Charles Ziegler Lawrence was a man who could have easily held his own in a conversation with the likes of Peter Fonda, Dennis Hopper, or Hunter S. Thompson. Whether reflecting on his life as a young artist in 1960s Greenwich Village or reliving the making of five windows for the National Cathedral, all of his stories were replete with an equal amount of psychedelic detail. Though the truth of the tale was never in question, the content was unbelievable.
Lawrence seemed as unlikely a candidate for the priesthood as he did for a life dedicated to liturgical art; however both are his truths. Sometimes tragic, sometimes triumphant, the personal history of this “existential iconoclast” blurs the thin line between humor and pathos. His professional success might very well be the reward for having learned how to walk that line.
From his obituary: Lawrence, 83, died on January 1, 2019. He began his career in 1956 as an apprentice to master craftsman Rudolph Henrick Beunz. In the 1960s while attending design school at Pratt Institute, New York City, Lawrence worked in the glass department of the Rambusch Decorating Studio where he perfected skills in glass painting and color selection. In 1968 he went to work for the Willets Stained Glass studio in Chestnut Hill, where he completed prestigious commissions for the National Cathedral, the Temple of the Latter Day Saints, and the Smithsonian Institution in Washington DC, as well as the University of Rochester, and Penn State University. In the 1980s Lawrence established his own studio in Mt. Airy, Philadelphia, completing additional commissions for the National Cathedral, as well as works for the Lutheran Theological Seminary in Philadelphia, St. Mary’s at the Cathedral, Andorra, PA, the Burlington Bridge Commission in NJ, and the Gore-Tex Manufacturing Co., in Cherry Hill, NJ.
Lawrence received The Stained Glass Association of America’s faceted glass design award twice, the Interfaith and Forum on Religious Art and Architecture award twice, and the St. Francis Xavier Chapel Award of Excellence. In 1994, the SGAA presented Lawrence with its Lifetime Achievement Award. A senior advisor for the American Glass Guild, he was also an associate member of the British Society of Master Glass Painters.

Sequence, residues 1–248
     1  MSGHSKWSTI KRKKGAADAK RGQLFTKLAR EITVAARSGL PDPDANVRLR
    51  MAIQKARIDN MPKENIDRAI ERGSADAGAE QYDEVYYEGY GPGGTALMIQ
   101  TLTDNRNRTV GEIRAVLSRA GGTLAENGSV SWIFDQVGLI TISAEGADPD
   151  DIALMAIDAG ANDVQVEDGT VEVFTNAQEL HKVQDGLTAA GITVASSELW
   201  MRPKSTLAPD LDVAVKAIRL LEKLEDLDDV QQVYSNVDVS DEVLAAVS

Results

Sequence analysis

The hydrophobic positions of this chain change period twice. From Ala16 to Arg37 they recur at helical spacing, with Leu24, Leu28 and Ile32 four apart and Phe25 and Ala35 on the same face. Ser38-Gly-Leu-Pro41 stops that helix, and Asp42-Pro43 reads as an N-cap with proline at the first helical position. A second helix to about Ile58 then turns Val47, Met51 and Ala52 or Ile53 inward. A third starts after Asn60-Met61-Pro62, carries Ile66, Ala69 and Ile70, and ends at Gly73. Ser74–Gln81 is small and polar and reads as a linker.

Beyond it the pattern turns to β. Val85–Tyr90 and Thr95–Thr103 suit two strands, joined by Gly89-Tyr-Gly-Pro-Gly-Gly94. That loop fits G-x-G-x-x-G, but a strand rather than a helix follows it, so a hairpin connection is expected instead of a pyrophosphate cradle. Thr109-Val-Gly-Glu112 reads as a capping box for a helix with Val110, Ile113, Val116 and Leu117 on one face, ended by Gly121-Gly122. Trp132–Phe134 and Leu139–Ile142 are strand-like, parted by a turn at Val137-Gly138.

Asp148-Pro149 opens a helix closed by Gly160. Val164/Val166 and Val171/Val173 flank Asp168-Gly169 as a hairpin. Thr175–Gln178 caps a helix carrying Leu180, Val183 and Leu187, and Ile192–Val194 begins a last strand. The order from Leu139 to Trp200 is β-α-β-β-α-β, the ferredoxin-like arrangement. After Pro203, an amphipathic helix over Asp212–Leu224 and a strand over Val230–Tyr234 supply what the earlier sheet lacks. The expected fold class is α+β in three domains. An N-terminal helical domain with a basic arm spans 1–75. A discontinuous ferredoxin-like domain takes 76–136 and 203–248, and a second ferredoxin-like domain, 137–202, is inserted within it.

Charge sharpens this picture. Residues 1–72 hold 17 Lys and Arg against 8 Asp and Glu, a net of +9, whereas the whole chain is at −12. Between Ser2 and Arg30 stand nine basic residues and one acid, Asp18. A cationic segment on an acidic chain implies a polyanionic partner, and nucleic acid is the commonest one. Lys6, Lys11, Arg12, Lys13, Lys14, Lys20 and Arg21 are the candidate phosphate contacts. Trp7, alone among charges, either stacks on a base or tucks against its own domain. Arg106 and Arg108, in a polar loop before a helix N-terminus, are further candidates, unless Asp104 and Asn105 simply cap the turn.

There will never be another CZ, as he was affectionately known, partially because stained glass and what it takes to conquer the craft has forever changed. But the art and the artist will be represented throughout the ages by his many bold, gothic revival style masterpieces.
In 1994 Lawrence made his final window for the National Cathedral. This small, two-lancet window is located in the east end of the cathedral in the chaplain’s office. In most cases, he didn’t bother to make or apply the putty himself, but this time was special. Lawrence combined linseed oil, whiting, and lampblack, the major components, and added one last special ingredient—the ashes of Angus, his beloved dog who had died and was cremated during the making of his previous cathedral window.
Said Lawrence: “The cathedral was done, and Angus was in a safe place for the coming millennium. After that we will be together again. I am sure God knows how much I’ve missed him and She will bring us back together. Until then, I know I will always have a friend in the cathedral and so will Tracy, Vanessa, and whoever else comes after them.”
Recorded live at a coffee shop at the 2012 American Glass Guild conference in Pittsburgh, Pennsylvania, this podcast conversation was created from the TOYG archives.